Human beings are a little weird about their health and in many ways digital technology has made us even weirder. Google has made me a minor hypochondriac – more than once I’ve diagnosed myself with a life-threatening disease in five clicks or less. Thanks to Google Images, it’s possible to view real pictures and videos of everything from childbirth and sneezing (so gross – Google it), to maggot therapy.
But beyond the weirdness, this technology has empowered us to take control of and play an active role in our health. There are countless apps that allow us to monitor and measure our health in real-time. From arthritis and asthma to gastrointestinal problems and high blood pressure, there’s an app for that. In fact, the health and fitness category in the App Store features 250 different apps.
Online message boards and support communities exist for diabetes sufferers and those affected by cancer. Sites like Ratemds.com allow us to publicly comment on the experiences we’ve had with our doctors.
These are just a few of the ways digital media has changed our relationship with our health and our roles as patients. But what does this mean for the medical community? How are Canadian doctors being impacted by the rise in popularity of digital media?
The Canadian Medical Association (CMA) produces a publication called Future Practice that explores the ways digital media is changing the health field in Canada. In one issue they address how social media is changing the way they conduct business – Ahead of the Curve: How social media are changing the way Canadian doctors practise.
The digital MD
The medical field, much like the legal field, has a number of realistic reasons to be cautious and even leery of social media. Patient privacy is top priority and there are very serious repercussions for the careless use of confidential information. It would be easy to use this reasoning to completely shut down the social media and health care debate but the CMA publication does just the opposite – making the case that social media has its place in the health field, if it’s done carefully. A number of reasons for this position are given, including:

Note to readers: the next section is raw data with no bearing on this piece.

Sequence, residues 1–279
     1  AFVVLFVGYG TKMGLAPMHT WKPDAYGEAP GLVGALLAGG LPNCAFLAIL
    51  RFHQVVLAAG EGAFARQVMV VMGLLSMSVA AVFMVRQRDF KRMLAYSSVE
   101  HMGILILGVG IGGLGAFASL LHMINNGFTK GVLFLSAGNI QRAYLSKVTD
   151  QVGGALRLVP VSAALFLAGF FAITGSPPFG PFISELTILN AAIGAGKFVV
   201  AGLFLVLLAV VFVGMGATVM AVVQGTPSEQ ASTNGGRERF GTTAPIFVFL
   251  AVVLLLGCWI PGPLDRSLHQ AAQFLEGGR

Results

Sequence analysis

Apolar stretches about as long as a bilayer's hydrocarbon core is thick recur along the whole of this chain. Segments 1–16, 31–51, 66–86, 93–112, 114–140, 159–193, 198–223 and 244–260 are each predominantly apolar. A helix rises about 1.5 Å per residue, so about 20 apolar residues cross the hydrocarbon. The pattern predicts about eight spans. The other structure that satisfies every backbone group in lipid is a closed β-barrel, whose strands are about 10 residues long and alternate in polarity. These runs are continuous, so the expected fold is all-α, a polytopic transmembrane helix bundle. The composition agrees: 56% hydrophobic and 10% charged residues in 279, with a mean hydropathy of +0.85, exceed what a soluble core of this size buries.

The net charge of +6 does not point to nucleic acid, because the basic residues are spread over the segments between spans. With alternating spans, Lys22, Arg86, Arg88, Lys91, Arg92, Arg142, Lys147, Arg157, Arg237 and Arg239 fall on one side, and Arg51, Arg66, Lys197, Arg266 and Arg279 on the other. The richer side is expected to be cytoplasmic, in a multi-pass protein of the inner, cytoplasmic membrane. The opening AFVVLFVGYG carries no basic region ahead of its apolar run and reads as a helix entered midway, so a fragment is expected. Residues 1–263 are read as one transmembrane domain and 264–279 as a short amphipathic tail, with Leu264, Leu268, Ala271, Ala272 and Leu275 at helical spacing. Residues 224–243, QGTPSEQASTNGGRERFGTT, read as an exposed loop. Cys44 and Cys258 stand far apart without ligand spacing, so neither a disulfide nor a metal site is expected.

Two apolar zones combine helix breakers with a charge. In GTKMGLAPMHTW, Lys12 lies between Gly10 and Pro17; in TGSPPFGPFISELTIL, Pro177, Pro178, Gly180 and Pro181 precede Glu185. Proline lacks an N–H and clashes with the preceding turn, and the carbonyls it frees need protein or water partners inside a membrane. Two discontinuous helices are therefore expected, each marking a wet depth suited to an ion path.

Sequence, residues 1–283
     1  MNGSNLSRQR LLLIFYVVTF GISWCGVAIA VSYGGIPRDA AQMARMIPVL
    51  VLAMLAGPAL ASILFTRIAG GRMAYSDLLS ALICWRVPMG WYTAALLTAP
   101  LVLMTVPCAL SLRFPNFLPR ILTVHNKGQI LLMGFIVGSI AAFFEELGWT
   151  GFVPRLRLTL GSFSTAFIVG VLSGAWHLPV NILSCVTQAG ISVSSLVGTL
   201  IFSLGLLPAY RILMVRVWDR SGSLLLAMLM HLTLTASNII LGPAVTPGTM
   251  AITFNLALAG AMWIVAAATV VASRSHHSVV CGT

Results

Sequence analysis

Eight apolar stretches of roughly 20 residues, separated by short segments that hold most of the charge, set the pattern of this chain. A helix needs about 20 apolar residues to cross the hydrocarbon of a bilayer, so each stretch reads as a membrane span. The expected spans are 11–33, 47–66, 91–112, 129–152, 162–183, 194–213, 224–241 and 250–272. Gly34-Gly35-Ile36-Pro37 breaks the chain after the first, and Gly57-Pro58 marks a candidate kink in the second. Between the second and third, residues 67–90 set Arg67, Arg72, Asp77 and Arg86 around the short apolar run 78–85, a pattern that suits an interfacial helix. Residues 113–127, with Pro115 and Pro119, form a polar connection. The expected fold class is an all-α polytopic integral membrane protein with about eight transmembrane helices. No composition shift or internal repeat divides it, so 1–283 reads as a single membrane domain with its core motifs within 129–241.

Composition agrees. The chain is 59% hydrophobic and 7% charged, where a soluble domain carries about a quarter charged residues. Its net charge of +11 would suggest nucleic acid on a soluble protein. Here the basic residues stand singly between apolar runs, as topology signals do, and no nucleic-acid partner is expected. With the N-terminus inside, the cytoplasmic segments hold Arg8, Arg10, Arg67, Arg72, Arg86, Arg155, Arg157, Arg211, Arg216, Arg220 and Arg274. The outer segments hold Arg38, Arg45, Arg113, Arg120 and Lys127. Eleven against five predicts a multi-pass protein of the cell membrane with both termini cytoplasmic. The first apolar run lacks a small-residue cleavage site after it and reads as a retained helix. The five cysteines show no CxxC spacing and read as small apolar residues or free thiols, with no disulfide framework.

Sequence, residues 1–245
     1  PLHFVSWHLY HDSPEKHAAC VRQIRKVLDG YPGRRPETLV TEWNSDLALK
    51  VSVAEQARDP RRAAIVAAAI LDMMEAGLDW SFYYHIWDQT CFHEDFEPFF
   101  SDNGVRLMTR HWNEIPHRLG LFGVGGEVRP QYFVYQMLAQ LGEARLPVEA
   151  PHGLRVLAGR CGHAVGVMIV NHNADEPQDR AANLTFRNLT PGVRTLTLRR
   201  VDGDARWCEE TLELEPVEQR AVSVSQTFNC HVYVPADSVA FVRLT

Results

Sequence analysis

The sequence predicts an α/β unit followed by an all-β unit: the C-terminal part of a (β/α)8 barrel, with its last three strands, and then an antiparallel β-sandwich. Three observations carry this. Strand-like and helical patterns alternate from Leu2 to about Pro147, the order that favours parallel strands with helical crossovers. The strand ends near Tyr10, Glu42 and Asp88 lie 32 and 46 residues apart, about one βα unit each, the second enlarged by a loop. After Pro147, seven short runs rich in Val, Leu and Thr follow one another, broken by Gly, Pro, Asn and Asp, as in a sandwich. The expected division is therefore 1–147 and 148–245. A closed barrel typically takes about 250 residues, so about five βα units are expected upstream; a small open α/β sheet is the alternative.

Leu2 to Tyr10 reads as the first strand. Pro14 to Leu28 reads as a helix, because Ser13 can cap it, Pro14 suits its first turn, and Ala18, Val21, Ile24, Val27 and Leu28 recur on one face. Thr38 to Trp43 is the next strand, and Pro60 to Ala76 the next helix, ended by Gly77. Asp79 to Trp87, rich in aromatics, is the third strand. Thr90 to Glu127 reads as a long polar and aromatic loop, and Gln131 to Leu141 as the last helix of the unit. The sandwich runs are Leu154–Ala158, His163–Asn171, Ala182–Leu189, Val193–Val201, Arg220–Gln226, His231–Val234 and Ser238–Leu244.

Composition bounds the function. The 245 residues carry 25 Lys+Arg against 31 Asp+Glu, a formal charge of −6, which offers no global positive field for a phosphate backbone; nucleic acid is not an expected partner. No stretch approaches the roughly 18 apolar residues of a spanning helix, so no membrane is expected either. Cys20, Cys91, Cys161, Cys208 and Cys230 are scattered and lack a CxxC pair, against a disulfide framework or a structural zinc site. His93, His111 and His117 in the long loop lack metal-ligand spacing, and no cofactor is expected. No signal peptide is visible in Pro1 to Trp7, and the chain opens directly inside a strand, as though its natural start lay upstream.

The rise of the e-patient
Patients are increasingly going online to find answers to medical questions. The only way to ensure they’re receiving correct information is for medical professionals to contribute to the conversation. One way the medical field has responded to this need is with the Canadian site, Maple. This interactive site’s live chat and video options allow users to connect with physicians all day, every day.
Patients want to get health info on social networking sites too. The CMA feature cites a study conducted in the Netherlands that made the case for Twitter as an effective primary care tool. The study showed that many patients would like to use Twitter to ask specific medical questions. Most respondents said they’d use Twitter to ask for advice, seek reassurance and for triage purposes (should I go to the doctor).
And since it’s possible to turn to YouTube for a video that provides step-by-step instructions on how to do pretty much anything, it follows that you should also be able to access a video that lays out every detail of the intimidating medical procedure you’re about to undergo.